24 September, 2019 15 Min Read
|GS-I||Sign language dictionary gets 4,000 new words||National and Political Issues|
|GS-II||Multipurpose National ID Card||National and Political Issues|
|Inequality of another kind.||National and Political Issues|
|GS-III||Renewable energy target to be more than doubled||Environment and Sustainable development|
|Making the grand India PSB mergers work||Economy|
GS-I: Sign language dictionary gets 4,000 new words.
Around 4000 words are likely to be added to the Indian sign language dictionary in 2020.
The aim of developing the Indian Sign Language Dictionary was to remove communications barriers between the deaf and hearing communities.
Work Under Way:
On the occasion of International Sign Language Day Minster of Social Justice and Empowerment said the addition of 4,000words to the sign language dictionary would be done by 2020.Right now the work of identifying signs for words cross categories including administration medical, legal, education, agriculture with the help of the hearing impaired community.
About ISL Dictionary Dictionary :
Source: THE HINDU
GS-II : National and Political Issues
GS-II: Multipurpose National ID Card
India could have a single multi-purpose unique card that will serve as an identity card and double up as a voter card, PAN and even a passport said Union Home Minister.
Multipurpose National ID Card (MPNIC):
Are we seeing the reprise of the MPNIC?
Source: Indian Express
GS-II: Inequality of another kind.
Kerala HC declared the Right to Internet access as a fundamental right forming a part of the right to privacy and the right to education under Art 21 of the Constitution.
What’s the issue?
In recent times, several government and private sector services have become digital. Some of them are only available online. This leads to a new kind of inequality, digital inequality, where social and economic backwardness is exacerbated due to information poverty, lack of infrastructure, and lack of digital literacy. According to the Deloitte report, ‘Digital India: Unlocking the Trillion Dollar Opportunity’, in mid-2016, digital literacy in India was less than 10%. We are moving to a global economy where knowledge of digital processes will transform the way in which people work, collaborate, consume information, and entertain themselves. This has been acknowledged in the Sustainable Development Goals as well as by the Indian government and has led to the Digital India mission. Offering services online has cost and efficiency benefits for the government and also allows citizens to bypass lower-level government bureaucracy. However, in the absence of Internet access and digital literacy enabling that access, there will be further exclusion of large parts of the population, exacerbating the already existing digital divide.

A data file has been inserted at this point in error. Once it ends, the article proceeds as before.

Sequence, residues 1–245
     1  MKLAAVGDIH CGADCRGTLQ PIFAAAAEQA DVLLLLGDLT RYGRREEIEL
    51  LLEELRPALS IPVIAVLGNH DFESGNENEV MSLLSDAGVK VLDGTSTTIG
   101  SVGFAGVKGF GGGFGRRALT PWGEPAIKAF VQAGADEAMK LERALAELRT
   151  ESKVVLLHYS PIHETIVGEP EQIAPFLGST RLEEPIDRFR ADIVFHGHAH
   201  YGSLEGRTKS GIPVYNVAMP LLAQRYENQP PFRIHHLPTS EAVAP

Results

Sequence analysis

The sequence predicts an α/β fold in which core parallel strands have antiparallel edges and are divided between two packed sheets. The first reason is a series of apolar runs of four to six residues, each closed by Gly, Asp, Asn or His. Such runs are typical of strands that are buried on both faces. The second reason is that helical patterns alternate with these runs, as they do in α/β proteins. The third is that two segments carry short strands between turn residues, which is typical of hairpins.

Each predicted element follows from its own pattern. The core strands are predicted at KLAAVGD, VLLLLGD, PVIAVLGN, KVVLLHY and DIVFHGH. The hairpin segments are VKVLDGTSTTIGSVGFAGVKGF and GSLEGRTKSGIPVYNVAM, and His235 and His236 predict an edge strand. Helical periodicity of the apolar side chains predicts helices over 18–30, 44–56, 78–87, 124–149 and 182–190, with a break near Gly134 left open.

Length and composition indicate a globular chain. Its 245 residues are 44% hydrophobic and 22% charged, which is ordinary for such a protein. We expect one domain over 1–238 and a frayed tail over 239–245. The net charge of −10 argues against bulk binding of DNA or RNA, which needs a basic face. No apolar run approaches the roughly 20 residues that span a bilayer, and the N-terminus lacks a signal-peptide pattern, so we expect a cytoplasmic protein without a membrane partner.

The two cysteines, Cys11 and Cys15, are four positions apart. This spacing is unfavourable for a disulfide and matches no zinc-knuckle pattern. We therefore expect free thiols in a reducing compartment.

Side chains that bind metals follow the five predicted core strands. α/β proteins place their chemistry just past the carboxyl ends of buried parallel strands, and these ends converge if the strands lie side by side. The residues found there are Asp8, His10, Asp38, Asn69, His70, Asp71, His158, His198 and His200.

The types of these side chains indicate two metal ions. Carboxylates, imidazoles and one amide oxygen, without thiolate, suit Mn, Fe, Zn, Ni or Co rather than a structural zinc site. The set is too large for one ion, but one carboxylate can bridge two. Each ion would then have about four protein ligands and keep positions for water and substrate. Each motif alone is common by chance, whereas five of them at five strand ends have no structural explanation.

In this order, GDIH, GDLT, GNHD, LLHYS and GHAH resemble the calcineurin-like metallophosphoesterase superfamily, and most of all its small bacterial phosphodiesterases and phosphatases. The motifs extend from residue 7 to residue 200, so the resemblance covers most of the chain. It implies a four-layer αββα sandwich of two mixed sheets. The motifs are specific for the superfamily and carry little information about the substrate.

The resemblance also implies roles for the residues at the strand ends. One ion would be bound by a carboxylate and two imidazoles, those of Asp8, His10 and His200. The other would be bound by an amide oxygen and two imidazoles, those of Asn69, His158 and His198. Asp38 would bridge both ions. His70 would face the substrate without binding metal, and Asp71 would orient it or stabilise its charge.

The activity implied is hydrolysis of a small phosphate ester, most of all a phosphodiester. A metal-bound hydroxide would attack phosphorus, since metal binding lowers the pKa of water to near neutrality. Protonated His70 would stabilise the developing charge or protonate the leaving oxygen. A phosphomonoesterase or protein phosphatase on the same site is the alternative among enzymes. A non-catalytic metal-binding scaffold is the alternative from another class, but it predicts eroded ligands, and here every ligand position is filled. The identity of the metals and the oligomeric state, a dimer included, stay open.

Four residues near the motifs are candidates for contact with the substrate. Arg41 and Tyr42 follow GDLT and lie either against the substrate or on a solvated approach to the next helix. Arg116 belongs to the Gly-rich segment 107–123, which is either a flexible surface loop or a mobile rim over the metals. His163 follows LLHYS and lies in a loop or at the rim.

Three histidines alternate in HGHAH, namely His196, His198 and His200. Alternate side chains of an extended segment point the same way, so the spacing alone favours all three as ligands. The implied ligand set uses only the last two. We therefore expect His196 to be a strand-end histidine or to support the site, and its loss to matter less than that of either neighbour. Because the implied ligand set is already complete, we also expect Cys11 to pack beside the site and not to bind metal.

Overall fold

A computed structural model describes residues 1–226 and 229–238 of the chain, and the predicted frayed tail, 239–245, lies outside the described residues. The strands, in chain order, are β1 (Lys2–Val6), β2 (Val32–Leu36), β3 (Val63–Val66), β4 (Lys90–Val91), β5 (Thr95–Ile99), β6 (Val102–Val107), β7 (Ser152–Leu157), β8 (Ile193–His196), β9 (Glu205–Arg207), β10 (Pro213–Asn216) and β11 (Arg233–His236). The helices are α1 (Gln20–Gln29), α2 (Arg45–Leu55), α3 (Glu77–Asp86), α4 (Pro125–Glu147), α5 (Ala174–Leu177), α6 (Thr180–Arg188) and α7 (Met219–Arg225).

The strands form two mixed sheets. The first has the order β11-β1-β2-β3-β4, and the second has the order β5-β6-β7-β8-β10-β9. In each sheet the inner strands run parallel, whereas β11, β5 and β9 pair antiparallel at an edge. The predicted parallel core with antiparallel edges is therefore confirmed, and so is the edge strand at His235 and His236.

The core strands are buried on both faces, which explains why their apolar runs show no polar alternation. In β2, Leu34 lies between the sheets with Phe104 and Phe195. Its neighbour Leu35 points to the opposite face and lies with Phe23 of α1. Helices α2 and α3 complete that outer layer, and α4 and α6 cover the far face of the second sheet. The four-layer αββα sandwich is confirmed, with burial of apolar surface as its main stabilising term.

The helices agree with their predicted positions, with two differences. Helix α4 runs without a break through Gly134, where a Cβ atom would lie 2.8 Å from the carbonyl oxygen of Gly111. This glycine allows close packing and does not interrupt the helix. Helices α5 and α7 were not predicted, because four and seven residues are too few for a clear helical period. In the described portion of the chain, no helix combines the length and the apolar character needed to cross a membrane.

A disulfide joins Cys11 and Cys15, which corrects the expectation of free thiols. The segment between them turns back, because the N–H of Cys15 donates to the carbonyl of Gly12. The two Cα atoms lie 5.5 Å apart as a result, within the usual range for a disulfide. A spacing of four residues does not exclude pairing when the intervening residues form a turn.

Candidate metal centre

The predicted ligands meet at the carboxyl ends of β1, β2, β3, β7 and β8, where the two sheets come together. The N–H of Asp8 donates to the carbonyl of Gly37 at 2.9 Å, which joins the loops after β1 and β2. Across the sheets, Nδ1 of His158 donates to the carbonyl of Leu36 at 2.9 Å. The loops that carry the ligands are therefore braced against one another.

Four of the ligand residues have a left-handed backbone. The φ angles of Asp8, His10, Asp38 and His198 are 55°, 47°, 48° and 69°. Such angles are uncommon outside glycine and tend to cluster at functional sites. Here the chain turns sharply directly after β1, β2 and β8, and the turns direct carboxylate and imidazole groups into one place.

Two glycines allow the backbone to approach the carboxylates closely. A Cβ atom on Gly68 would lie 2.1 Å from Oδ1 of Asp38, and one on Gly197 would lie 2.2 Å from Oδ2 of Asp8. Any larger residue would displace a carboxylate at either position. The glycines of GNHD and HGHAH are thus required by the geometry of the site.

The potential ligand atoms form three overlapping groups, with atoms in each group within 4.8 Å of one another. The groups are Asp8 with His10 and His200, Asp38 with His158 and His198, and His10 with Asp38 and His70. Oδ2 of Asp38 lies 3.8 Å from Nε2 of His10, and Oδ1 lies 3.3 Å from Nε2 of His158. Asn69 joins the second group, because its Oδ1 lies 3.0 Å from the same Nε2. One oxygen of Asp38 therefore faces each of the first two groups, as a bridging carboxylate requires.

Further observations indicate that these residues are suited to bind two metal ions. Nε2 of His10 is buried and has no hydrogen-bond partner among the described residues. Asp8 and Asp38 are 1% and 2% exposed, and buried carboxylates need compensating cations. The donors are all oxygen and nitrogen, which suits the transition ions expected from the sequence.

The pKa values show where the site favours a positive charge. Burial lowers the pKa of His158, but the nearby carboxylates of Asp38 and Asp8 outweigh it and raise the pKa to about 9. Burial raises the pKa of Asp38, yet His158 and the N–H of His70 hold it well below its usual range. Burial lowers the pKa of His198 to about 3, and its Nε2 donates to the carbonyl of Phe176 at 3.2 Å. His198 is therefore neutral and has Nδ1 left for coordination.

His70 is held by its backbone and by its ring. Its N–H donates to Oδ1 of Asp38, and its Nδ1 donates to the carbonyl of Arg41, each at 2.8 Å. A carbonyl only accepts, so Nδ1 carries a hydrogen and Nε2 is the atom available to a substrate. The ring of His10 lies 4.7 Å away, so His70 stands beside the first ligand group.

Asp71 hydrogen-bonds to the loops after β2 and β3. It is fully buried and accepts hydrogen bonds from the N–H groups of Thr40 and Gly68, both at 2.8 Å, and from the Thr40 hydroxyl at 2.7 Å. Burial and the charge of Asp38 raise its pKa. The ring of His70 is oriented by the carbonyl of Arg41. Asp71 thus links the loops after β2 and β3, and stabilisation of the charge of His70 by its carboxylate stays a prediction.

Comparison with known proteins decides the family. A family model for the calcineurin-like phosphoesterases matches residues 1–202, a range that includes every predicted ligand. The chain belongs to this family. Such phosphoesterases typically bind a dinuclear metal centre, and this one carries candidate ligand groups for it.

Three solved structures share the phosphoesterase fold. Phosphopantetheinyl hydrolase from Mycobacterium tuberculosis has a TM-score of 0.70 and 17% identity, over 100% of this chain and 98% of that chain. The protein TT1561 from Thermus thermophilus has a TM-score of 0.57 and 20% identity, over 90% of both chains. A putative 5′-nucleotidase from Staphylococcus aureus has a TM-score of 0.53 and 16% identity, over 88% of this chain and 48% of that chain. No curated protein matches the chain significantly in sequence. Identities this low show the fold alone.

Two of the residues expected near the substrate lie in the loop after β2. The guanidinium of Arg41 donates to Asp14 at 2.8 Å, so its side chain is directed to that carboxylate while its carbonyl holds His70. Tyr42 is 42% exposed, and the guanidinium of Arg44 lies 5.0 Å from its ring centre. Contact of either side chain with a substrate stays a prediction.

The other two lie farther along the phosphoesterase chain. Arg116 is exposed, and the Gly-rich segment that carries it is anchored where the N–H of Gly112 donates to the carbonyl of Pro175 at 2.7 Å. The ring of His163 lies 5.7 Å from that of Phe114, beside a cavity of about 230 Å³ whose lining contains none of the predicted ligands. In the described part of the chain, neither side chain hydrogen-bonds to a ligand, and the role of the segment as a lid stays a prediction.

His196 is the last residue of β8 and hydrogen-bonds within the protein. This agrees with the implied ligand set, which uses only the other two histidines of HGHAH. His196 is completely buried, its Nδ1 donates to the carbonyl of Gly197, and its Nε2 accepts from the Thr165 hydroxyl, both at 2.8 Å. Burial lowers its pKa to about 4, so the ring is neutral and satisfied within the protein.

Moving governance and service delivery online without the requisite progress in Internet access and digital literacy also does not make economic sense. For instance, Common Service Centres, which operate in rural and remote locations, are physical facilities which help in delivering digital government services and informing communities about government initiatives. While the state may be saving resources by moving services online, it also has to spend resources since a large chunk of citizens cannot access these services. The government has acknowledged this and has initiated certain measures in this regard. The Bharat Net programme, aiming to have an optical fibre network in all gram panchayats, is to act as the infrastructural backbone for having Internet access all across the country. However, the project has consistently missed all its deadlines while the costs involved have doubled.
Similarly, the National Digital Literacy Mission has barely touched 1.67% of the population and has been struggling for funds. This is particularly worrying because Internet access and digital literacy are dependent on each other, and creation of digital infrastructure must go hand in hand with the creation of digital skills.